Friday, July 13, 2007

Paddling the Oostanaula

As that river rolls along
I'll be steppin out tonight
On the cool flow,
Floatin down
Down below
The bridge to the waters edge
From the ridge to the ledge
From the hills to the sea
I'll become a memory

I think I may have a new addiction.

As I mentioned in my previous blog, I took Monday off work in order to participate in a preliminary paddle trip down the Oostanaula River. We started at the 225 bridge and went through Resaca and all the way back down to the 136 bridge. It took us about 6 hours, but the day went by SOOOO quickly.

I went with a fellow member of the NERA board (David "Bumper"), and the executive director of CRBI (Joe) who kind of helps NERA out from time to time. The purpose for this preliminary run was to make sure the river didn't have any obstructions along the route, to see how deep (or shallow) the water is, and to get together a map of the route that pinpoints points of interest and problem areas. But really, it was just an excuse for us to get out on the river.

Bumper and I took a canoe and Joe took a kayak. Bumper, being the gentleman he is, did most of the paddling, but I did enough to get my arms properly sore. I absolutely loved it.

The water was pretty shallow, but we didn't have to get out and carry the canoe at any point which is a good thing since I'm a wuss and it would have sucked. At the start point, we put in right before the confluence of the the Coosawattee and the Connasauga rivers. These two rivers come together to form the Oostanaula.

The Conasauga to the left and the Coosawattee to the right.

We paddled a good ways, and I just felt like the Lady of Shallot, man: only much less formally and more sloppily dressed - and much less mournful and dead.

We kept on a paddling and having a good old time. I had no idea our river was so pretty. Granted, it's nothing spectacular, but it's ours and you see the county a lot differently from the river than you do the road. And it's so relaxing and just...nice. You know, a really beautiful step out of the ordinary.

The next feature we came across was an old fish wier. For those who don't know, a fish wier is basically a trap that helped the Indians catch more fish quicker. The one we saw may have been put there by early settlers, but it's more than likely a Cherokee structure. They're really simple but brilliant in design. They're usually like a very small dam that doesn't extend above the surface of the water, made of logs and rocks. Most of the time they're built in a sort of "V" shape that kind of chanels the fish to a mid-point. But the one on the Oostanaula was actually diagonal across the entire width of the river. I assume this made it easier for them to fish from the banks or a shallower side of the river.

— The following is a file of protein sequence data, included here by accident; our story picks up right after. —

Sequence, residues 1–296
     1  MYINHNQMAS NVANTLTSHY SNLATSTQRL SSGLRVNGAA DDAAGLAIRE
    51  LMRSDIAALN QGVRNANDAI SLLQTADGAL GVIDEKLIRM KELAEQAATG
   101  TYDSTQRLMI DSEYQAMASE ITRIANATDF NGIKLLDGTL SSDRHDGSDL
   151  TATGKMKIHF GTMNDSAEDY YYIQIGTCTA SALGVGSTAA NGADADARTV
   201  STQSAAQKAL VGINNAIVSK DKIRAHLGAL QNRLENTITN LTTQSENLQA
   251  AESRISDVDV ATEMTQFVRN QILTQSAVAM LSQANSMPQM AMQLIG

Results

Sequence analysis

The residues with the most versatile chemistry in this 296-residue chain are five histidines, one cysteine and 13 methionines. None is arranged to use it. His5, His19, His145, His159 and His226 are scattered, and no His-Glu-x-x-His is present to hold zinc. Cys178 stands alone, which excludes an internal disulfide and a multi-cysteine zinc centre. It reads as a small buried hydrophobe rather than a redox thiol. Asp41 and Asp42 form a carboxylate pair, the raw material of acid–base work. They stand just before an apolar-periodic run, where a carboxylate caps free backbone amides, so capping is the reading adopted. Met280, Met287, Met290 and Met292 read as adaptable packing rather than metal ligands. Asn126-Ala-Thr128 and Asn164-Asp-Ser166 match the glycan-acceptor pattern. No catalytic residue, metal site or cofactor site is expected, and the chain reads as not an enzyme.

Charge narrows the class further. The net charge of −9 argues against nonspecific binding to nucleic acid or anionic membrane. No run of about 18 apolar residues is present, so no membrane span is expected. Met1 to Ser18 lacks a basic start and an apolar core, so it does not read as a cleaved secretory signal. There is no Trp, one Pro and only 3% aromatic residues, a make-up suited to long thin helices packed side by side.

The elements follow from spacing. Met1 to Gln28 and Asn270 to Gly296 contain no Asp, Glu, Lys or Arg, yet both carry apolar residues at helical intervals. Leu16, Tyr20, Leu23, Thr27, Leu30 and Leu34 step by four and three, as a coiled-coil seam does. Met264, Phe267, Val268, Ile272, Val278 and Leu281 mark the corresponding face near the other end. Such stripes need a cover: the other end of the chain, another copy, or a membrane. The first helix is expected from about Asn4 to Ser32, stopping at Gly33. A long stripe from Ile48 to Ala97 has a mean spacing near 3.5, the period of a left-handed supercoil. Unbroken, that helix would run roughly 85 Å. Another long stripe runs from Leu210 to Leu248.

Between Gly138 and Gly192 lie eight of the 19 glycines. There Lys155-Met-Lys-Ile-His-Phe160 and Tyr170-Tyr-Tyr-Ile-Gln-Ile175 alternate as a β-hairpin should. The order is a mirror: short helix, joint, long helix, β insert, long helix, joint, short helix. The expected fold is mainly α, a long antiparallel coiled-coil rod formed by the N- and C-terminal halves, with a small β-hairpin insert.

Joe's Kayak on the Fish Wier

After the wier, we came across a couple of bridges and even a few rapids! Well, I doubt anyone would really call them rapids, but it was fun going through some of those little shoals. There were a couple of areas that were pretty slow and without a whole lot of places of interest, but I enjoyed those areas as much as any. It was really peaceful and it was nice to just paddle and smile and contemplate for a while.

As we came closer to the 41 bridge and the interstate, we came across one of the coolest areas of the river. It's also the deepest, and features a really nice, big rock formation. The water there is about 20 or 30 feet, which is really deep for the Oostanaula. With this combination of factors in Joe's brain, he decided he'd venture a jump from the rocks. Bumper and I were a little concerned about a bit of a shelf area that Joe could have hit if he hadn't jumped out far enough, but he missed it by a long shot and was all smiles after he surfaced. He suggested that we try it. I said, "Not no, but hell no." I think Bumper would have tried it if he hadn't had me in the canoe. Again, being the gentleman he is, I think he would have considered it abandoning his ship and putting his passenger in peril.